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BY TRACTS FOR THE TIME
ECCLESIASTES ix. 7, 8.
" Go thy way, eat thy bread with joy, and drink tliy wine with a merry heart;
for God now accepteth thy worlis : let thy garments be always white, and
let thy head lack no ointment."
This is one of those passages, so remarkable in the writings of
Solomon, in which the words of sinful men in the world are taken
up by the Holy Ghost, to be applied in a Christian sense. As
they stand in Ecclesiastes, it seems very plain that they are in-
tended to represent the sayings and thoughts of sensual, careless
people, indulging themselves in their profane ways, their utter
neglect of God and goodness, with the notion that this world is
all. As if they should say, " When people are dead there is an end
of them : therefore all we have to do is to enjoy ourselves as much
as possible ; to eat our bread with joy, and drink our wine with a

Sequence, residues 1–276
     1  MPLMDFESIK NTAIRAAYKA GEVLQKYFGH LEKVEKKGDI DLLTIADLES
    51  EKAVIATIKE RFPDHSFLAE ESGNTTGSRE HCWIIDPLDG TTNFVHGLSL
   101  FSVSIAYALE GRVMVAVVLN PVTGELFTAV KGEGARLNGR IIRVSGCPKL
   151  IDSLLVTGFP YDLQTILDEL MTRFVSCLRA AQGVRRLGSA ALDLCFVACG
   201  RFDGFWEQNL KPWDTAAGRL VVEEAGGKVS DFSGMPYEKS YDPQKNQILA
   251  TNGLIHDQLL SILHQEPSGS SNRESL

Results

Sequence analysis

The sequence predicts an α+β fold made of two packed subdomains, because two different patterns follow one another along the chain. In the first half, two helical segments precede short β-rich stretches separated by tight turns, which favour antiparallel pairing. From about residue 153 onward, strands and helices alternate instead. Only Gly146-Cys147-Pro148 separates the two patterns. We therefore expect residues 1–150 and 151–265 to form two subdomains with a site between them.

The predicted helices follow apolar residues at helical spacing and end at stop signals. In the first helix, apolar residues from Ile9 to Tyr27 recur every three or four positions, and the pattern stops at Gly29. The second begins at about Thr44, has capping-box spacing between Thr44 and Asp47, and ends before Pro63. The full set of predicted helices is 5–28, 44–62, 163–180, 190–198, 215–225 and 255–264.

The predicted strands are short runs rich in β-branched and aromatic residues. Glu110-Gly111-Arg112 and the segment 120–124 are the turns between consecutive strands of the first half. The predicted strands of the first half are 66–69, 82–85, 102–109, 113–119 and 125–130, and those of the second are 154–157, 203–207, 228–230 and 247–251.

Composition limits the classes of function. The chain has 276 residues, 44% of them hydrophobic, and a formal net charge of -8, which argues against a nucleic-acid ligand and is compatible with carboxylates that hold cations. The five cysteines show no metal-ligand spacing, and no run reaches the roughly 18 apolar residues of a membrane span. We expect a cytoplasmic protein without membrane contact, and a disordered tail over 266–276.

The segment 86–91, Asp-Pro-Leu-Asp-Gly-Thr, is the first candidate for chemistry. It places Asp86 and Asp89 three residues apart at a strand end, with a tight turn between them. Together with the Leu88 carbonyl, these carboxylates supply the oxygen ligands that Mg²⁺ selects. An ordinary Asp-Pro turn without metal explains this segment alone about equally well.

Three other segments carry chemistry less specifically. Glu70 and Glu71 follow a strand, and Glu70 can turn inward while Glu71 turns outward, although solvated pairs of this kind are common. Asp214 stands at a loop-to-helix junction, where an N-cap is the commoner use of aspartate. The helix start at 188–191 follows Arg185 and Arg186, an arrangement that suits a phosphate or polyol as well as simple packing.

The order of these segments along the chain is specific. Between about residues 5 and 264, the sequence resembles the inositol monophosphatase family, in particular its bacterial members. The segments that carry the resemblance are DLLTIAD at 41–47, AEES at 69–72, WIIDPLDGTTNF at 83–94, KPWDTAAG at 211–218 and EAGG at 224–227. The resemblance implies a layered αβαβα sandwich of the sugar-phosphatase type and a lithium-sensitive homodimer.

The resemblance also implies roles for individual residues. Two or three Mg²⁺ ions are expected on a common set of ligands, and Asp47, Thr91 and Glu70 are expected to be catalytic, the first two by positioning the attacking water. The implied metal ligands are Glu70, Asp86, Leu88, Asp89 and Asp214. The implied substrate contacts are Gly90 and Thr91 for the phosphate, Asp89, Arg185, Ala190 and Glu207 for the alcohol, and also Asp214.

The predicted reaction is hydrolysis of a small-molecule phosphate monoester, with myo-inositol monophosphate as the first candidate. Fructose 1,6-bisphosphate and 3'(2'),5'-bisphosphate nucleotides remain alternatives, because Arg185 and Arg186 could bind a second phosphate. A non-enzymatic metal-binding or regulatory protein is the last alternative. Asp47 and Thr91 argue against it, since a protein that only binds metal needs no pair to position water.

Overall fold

merry heart ; to wear always festival garments, and anoint our-
selves with the oil of gladness, while God still ' accepteth our
works,' that is, while it is yet well with us, and we are capable of
finding delight in life, according to the order of God's Providence."
It is much the same as the unbeliever's saying, in St. Paul, " Let
us eat and drink, for to-morrow we die."
But see the ever-watchful goodness and mercy of God. The
words which the dissolute, wild-hearted sinner uses to encourage
himself in his evil inconsiderate ways, Hii teaches us to take up,
VOL. VI. K
213 FESTIVAL JOV.
and use them in a very different sense ; to express the imvard
joy and comfort which God's people may find in obeying Him.